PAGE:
They also should consider ease of use in product packaging. Just trying to open the medicine bottle can be daunting for someone with arthritis. She jokingly said safety caps should be labeled adult-proof, rather than child-proof, because they’re so often difficult to open.
Becoming Part of a Clinical Trial
Dr. Dolgin’s job also includes discussing clinical trials as a treatment option and finding appropriate participants for clinical trials, a challenging task for developing treatments and cures for rare diseases with smaller pools of potential participants. A rare disease is one that affects fewer than 200,000 people.
Patients considering taking part in a clinical trial need to understand the process of clinical development, the goals, and the expected outcomes for each stage of development, from pre-clinical animal studies to human studies, she said.
Researchers divide human studies into three phases. In rare disease studies, they combine Phase 1 and Phase 2 studies because of the small number of patients. They design these early-phase trials primarily to assess safety over a wide dosage range and to assess potential biologic activity or efficacy in a small number of patients.
The final phase before Food and Drug Administration approval is Phase 3, in which researchers enroll a larger number of patients and administer the highest and safest dose given in the Phase 1/2 trial. The goals are to further assess any safety issues and evaluate the potential efficacy of a product in a larger number of participants. In rare disease trials, often fewer than 100 patients take part in each trial phase.
Even when a lot of people initially make up a pool of potential participants, those big numbers shrink fast when people understand the burden of time required to take part in the trial, including multiple scheduled visits in the first year of the trial.
Most IRD trials last 5 years to determine long-term efficacy and safety. The time commitment can impact childcare, time away from school, work, and family commitments. Time and expense for another person to accompany a clinical trial patient with vision loss is another variable. The trial’s sponsor generally covers travel and lodging costs, but patients should confirm whether that is the case before agreeing to participate.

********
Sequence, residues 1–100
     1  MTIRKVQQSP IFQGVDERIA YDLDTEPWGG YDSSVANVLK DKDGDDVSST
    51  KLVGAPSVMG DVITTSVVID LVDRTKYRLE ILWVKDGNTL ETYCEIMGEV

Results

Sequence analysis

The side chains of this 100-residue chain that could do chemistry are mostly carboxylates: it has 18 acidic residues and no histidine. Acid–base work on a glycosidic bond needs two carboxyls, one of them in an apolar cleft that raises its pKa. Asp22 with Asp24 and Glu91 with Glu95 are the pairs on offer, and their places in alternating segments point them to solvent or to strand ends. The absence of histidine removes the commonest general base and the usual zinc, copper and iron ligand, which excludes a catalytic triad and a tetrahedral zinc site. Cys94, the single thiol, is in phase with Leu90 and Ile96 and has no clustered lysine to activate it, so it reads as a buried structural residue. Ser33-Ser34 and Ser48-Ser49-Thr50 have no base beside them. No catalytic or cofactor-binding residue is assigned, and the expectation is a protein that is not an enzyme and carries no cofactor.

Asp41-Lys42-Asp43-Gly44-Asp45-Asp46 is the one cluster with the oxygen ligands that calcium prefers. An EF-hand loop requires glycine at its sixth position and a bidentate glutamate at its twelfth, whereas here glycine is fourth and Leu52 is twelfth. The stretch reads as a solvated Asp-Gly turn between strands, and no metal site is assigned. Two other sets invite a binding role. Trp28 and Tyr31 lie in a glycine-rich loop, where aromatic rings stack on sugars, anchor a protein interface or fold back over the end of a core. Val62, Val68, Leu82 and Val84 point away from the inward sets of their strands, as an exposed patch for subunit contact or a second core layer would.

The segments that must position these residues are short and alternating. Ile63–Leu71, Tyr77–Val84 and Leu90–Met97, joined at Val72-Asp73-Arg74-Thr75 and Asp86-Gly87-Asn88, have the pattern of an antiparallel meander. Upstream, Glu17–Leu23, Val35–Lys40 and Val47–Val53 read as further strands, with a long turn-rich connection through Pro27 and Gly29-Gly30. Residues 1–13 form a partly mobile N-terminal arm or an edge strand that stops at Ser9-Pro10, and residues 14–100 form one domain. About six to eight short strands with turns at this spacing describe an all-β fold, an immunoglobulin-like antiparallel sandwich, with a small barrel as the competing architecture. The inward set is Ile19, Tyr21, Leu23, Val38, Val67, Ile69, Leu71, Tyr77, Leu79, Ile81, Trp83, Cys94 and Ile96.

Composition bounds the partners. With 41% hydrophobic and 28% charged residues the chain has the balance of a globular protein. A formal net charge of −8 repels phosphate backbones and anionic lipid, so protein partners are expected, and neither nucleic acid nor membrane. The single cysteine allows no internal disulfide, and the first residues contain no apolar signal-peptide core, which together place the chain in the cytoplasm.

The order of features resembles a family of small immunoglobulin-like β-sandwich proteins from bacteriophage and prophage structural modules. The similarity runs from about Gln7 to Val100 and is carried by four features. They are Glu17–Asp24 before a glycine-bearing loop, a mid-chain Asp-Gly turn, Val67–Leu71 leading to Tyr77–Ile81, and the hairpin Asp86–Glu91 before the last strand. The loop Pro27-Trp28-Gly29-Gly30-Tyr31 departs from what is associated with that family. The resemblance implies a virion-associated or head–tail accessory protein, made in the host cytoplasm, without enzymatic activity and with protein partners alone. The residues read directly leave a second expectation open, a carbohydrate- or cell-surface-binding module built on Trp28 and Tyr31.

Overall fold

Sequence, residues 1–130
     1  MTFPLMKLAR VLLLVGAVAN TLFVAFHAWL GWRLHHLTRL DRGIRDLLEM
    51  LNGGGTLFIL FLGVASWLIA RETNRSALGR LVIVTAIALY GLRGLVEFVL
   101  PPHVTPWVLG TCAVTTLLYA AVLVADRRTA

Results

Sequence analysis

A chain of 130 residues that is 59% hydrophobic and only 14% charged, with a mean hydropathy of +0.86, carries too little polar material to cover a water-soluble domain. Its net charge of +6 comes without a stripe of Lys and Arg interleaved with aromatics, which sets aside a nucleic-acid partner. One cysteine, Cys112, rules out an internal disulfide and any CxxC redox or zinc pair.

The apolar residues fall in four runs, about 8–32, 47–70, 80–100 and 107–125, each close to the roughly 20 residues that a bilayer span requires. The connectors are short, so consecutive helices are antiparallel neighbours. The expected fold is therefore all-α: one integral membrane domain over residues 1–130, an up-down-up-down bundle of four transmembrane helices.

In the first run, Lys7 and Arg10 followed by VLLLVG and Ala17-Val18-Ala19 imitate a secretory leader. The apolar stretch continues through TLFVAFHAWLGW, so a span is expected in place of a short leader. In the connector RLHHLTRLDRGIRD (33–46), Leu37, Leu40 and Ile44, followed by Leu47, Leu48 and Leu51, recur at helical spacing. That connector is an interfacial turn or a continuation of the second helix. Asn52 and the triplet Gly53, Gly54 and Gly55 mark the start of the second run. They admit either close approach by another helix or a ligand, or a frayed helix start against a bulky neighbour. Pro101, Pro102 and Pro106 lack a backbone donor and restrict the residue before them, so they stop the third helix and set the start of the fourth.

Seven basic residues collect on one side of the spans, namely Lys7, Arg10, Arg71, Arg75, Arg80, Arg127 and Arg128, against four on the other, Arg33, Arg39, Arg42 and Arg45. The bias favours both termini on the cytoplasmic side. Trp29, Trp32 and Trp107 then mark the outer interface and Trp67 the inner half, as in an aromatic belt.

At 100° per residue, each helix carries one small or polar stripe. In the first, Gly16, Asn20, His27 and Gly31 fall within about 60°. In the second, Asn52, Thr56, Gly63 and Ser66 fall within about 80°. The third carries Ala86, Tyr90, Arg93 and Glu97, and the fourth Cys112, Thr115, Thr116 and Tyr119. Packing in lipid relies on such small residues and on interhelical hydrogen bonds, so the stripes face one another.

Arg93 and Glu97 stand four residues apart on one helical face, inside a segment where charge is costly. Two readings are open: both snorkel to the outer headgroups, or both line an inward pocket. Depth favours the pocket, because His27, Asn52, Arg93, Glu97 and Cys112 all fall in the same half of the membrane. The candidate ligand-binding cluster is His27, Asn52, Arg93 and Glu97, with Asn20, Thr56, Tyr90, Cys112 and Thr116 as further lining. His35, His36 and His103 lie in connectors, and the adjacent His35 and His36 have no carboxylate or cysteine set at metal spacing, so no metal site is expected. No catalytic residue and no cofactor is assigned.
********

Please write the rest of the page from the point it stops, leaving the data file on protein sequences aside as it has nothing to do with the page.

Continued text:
A potential participant with a clinical and genetic diagnosis may not meet all the inclusion criteria because of the severity of their disease (either too good or too severe), or because they may have other medical conditions that might interfere with medications provided during the trial or the medication under investigation.
While more than a thousand gene therapy developers are out there, with 50 dealing with ophthalmologic drug development, Dr. Dolgin said, the road to a marketed drug is long and arduous, often taking 10 to 15 years from laboratory and animal studies to final approval for use in humans.
About a hundred trials for various eye diseases are in preclinical stages, with about 60 ongoing clinical trials. It’s a big trial-and-error process, she said, citing trial failure rates of 80 to 90 percent.
She described the two kinds of gene therapies on the market and in development, the first being gene addition, in which doctors insert a functional copy of the gene, and the second, gene editing, by removing the mutating gene and inserting the correct one.
Current AGTC Research Highlights
Along with AGTC’s patient advocacy work, Dr. Dolgin said the company has made exciting progress with three advanced clinical trials:
The first deals with X-linked Retinitis Pigmentosa (XLRP). Retinitis Pigmentosa (RP) describes a group of rare genetic eye diseases that damage light-sensitive cells in the retina, leading to loss of sight over time. Of the 200,000 RP patients, about 10 percent have X-linked RP, in which a mother passes down the non-working gene to her male children.
AGTC just completed Phase 1/2 of the XLRP clinical trial and is currently enrolling in a Phase 2 expansion trial and screening for participants for its Phase 3 trial to be initiated soon.
Achromatopsia (ACHM), an inherited condition caused by mutations in one of several genes, is the subject of two separate Phase 1/2 clinical trials for individuals with a mutation in either the CNGA3 or CNGB3 genes. ACHM is associated with extremely poor visual acuity, extreme light sensitivity, and complete loss of color discrimination.
AGTC completed Phase 1/2 clinical trial enrollment for both the CNGA3 and CNGB3 trials.